What, if anything, has art to do with the rest of our lives, and in particular with those ethical and political issues that matter to us most? Will art created today be likely to play a role in our lives as profound as that of the best art of the past?
A Theory of Art shifts the focus of aesthetics from the traditional debate of "what is art?" to the engaging question of "what is art for?" Skillfully describing the social and historical situation of art today, author Karol Berger argues that music exemplifies the current condition of art in a radical, acute, and revealing fashion. He also uniquely combines aesthetics with poetics and hermeneutics. Offering a careful synthesis of a wide breadth of scholarship from art history,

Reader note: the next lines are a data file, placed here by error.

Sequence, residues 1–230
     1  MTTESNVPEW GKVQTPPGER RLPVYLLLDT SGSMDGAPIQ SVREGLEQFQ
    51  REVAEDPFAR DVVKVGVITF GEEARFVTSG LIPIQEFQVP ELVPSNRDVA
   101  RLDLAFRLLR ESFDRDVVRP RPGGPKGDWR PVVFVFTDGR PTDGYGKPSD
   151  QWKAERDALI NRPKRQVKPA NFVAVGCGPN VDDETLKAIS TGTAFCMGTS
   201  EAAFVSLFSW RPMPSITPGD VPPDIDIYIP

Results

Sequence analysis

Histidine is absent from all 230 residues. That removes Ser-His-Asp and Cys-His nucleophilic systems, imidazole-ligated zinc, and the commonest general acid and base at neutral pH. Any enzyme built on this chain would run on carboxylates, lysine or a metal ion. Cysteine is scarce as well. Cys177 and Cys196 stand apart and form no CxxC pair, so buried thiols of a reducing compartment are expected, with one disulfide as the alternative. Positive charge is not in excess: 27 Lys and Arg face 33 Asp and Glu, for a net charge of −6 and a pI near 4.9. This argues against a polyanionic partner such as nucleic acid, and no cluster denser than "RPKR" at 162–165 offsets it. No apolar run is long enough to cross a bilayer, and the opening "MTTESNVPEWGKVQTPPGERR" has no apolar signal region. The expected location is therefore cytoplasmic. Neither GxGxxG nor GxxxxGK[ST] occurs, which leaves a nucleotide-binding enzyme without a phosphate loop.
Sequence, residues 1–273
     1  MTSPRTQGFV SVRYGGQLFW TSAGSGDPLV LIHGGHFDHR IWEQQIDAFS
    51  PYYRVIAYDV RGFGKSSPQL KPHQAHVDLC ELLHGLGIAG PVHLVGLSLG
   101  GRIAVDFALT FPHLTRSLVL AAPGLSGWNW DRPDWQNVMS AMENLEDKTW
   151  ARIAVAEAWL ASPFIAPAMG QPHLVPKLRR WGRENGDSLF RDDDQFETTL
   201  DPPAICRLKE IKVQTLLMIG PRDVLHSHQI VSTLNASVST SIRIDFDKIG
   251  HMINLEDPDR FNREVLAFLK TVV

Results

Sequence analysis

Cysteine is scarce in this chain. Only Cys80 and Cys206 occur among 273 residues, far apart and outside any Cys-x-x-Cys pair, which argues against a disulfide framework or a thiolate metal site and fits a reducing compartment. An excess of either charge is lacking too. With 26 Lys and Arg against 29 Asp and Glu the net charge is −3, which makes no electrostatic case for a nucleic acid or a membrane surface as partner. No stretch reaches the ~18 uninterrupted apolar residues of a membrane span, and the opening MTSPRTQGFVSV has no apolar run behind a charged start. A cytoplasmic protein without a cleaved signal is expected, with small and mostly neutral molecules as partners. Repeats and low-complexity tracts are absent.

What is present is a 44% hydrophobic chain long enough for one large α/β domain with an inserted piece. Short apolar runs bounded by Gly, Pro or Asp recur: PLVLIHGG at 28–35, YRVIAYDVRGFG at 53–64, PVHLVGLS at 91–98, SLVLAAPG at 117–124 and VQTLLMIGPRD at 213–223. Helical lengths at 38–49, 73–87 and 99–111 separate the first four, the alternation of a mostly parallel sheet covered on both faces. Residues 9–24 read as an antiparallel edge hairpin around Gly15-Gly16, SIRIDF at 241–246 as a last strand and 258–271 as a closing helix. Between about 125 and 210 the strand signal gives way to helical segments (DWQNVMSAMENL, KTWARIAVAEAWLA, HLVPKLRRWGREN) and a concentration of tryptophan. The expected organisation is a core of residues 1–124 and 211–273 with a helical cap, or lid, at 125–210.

musicology, literary studies, political philosophy, ethics, and metaphysics, and written in a clear, accessible style, this book will appeal to anyone with a serious interest in the arts.
Karol Berger Is Osgood Hooker Professor in Fine Arts at Stanford University. He is the author of numerous studies in the history of music aesthetics and theory, vocal pholyphony from 1400 to 1600, and instrumental music from 1780 to 1850. His Musica Ficta (1987) won the Otto Kinkeldey Award of the American Musicological Society.
AESTHETICS: THE END OF ARTWORKS; POETICS AND HERMENEUTICS: THE CONTENTS AND INTERPRETATION OF ARTWORKS